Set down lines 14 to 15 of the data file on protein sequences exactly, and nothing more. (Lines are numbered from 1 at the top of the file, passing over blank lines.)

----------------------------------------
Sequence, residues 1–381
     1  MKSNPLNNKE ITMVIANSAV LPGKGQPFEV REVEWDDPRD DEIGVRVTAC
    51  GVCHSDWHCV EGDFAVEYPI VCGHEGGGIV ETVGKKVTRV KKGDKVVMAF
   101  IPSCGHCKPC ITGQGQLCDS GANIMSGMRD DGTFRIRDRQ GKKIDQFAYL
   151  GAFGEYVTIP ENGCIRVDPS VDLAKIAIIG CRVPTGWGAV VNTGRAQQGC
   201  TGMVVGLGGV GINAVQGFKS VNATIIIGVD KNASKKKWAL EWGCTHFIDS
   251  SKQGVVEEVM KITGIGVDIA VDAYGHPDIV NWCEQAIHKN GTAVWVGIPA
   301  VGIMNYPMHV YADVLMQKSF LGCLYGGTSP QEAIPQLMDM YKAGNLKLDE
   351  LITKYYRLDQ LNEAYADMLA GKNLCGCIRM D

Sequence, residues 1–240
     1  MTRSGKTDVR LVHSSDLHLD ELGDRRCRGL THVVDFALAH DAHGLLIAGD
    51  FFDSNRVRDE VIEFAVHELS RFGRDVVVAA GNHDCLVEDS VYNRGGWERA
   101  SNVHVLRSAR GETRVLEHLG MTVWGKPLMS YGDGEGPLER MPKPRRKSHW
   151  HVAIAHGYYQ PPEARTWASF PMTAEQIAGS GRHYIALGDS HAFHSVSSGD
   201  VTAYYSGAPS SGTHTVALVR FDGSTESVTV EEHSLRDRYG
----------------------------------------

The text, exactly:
   151  HVAIAHGYYQ PPEARTWASF PMTAEQIAGS GRHYIALGDS HAFHSVSSGD
   201  VTAYYSGAPS SGTHTVALVR FDGSTESVTV EEHSLRDRYG